Sea ice can be an unforgiving teacher, says Captain David “Duke” Snider, an experienced ice navigator. It can only take one wrong move for a mariner to put an entire ship and crew at risk. That’s why being an ice navigator requires specialized training and experience – or at least it should.
Earlier this year, the International Maritime Organization (IMO)’s Polar Code went into effect. The Polar Code lays down rules that aim to improve safety and provide environmental safeguards while sailing in Arctic and Antarctic waters.
But the code fails to offer clear, international safety standards for training and certifying ice navigators, despite, says Snider, many industry leaders asking for concrete requirements.
So the industry is taking the task on instead. On July 1, the Nautical Institute, an international organization for maritime professionals that Snider heads, will launch its ice navigator training accreditation and certification schemes.
Snider says that this training and certification will complement the Polar Code and foster more stringent training for navigators and industry leaders who want the Nautical Institute stamp of approval.
Arctic Deeply spoke with Snider about the need for accreditation of ice navigators and why the Nautical Institute decided to tackle this issue.
Arctic Deeply: What kind of special skills do you need to navigate ice-infested waters, and why do these skills need to be standardized?
“Duke” Snider: It ranges from very simple academic knowledge of the formation of ice – whether it be sea ice, lake ice or glacial ice – to the differences in ice types encountered on water, and how they move, how they’re impacted by climate as well as weather patterns. It’s basically ice science.
You combine that with geographic knowledge, what you can expect seasonally, annually, decadely. You have to understand the limitations of a ship’s design, from the shape of the ship to whether it’s ice-strengthened or not. [You have to] understand cold weather, and then a whole host of other academic information such as knowledge of how to interpret different types of ice information, whether it be text, satellite imagery of different types, ice charts of different types. It’s complex. Most mariners in their careers do not encounter significant ice.
It becomes an art as opposed to a science. In my career, I’ve seen people who can pass all the academic courses they want, but they just can’t drive a ship on ice without damaging it.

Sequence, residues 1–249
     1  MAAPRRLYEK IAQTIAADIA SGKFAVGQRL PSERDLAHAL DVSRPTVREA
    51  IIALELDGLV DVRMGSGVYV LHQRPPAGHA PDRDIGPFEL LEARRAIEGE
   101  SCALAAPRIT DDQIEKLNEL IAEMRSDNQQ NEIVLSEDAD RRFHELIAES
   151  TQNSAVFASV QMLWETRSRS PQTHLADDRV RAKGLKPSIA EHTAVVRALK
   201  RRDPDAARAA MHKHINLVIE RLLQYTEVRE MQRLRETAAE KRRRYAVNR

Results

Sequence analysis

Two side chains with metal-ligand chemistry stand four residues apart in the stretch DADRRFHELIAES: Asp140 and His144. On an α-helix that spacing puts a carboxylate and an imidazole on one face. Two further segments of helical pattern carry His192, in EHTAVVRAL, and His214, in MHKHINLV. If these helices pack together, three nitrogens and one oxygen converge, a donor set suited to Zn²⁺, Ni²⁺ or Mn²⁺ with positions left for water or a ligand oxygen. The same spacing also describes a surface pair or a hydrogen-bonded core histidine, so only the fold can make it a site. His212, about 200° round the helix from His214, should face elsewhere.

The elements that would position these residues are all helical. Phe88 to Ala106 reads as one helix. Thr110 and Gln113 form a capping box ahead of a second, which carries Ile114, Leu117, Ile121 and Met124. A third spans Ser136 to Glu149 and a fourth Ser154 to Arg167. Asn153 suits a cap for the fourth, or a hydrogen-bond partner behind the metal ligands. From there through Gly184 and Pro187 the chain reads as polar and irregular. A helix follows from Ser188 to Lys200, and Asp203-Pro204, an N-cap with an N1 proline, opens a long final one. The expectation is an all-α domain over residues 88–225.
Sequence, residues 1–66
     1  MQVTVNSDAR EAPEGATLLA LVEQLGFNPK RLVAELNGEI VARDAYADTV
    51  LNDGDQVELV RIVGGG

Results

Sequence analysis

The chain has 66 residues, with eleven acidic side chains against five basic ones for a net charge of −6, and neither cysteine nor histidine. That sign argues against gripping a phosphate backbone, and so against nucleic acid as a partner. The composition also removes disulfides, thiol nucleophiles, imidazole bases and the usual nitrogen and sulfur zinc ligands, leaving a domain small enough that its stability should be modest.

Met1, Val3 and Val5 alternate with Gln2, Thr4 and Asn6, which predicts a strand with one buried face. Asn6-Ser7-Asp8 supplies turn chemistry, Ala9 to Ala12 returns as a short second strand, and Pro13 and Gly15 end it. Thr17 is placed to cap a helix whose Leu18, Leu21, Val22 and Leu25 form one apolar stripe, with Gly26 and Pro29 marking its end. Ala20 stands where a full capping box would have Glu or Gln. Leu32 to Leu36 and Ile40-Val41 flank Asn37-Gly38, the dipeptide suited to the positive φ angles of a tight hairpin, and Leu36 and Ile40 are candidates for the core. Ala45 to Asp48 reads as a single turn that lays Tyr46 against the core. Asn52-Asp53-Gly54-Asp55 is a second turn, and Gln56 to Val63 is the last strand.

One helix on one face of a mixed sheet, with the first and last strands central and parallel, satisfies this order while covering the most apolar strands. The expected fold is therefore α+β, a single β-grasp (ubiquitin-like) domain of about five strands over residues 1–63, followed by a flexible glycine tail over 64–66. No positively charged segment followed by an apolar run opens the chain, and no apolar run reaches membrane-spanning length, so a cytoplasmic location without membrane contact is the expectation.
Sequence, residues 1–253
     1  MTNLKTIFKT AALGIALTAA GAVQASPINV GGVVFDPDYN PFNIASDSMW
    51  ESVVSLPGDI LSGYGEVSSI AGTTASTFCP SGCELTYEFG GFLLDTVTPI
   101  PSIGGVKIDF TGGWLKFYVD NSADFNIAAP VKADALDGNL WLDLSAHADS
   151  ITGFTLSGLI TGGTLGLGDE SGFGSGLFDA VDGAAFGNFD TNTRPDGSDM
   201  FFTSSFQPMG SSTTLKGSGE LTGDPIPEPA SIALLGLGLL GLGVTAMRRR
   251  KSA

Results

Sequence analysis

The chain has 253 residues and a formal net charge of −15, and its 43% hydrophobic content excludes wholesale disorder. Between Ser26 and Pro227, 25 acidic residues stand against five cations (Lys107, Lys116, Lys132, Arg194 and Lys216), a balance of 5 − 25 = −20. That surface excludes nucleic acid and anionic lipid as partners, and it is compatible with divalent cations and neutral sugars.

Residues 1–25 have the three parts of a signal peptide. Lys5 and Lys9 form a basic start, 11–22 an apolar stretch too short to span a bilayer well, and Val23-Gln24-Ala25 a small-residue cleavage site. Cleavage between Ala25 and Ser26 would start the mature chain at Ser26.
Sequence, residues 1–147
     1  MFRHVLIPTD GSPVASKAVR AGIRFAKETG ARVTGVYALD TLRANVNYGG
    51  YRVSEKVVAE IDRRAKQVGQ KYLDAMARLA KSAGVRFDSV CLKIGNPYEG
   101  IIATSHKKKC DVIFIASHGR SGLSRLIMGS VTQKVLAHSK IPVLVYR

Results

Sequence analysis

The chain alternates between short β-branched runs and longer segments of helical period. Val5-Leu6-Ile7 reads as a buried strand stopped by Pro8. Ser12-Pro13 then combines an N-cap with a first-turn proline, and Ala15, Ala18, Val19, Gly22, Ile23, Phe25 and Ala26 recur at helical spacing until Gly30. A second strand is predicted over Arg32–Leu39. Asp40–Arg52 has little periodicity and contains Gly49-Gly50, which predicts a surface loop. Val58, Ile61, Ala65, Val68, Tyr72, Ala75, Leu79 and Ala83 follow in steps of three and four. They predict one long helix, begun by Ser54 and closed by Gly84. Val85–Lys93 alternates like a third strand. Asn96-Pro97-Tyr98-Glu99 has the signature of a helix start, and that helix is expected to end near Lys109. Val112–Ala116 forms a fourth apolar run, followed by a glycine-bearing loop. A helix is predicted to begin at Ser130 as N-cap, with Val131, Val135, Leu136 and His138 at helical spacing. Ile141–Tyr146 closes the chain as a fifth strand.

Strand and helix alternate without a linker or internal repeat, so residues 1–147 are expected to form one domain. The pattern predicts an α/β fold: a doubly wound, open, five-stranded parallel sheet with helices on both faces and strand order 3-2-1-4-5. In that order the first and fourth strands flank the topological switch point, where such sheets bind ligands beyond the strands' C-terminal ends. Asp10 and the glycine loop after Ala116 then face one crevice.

Arctic Deeply: Take us through the history of this training, and why the Nautical Institute took this on.
Snider: It goes back to the 1500s and 1600s. Mariners in various countries started pushing further afield, and understanding the skills of getting a ship around their own waters or open ocean waters was not the same as operating in ice. They started to look and see that we needed people with that experience, and at that time they often called them ice masters. Even the Royal Navy would bring on board an ice master for their voyages into the Arctic and the Antarctic.
What happened in international shipping was we began to get many different standards: local regulations, national regulations. There was no international standard, so that, essentially, anybody could hang a shingle outside their door that said, “pilot for hire.”
The Nautical Institute was approached by an industry group that said, “Could you look into putting in place a Nautical Institute’s standard [for] ice navigation?” Just when we were about to push the “Go” button, the secretary general of the IMO said, “there’s stuff going on in both poles. Shipping is increasing; we need a mandatory standard.”
It’s the same as a driver’s license; the same as a pilot’s license. You can get a commercial pilot’s license, but then you have to get approval for different aircraft.
Of course, [the IMO] has to operate with a full consensus, and to do that oftentimes things get watered down. So, what began as a robust international standard for ice navigation skills and competency was watered down to what the Polar Code now calls polar waters training, basic and advanced.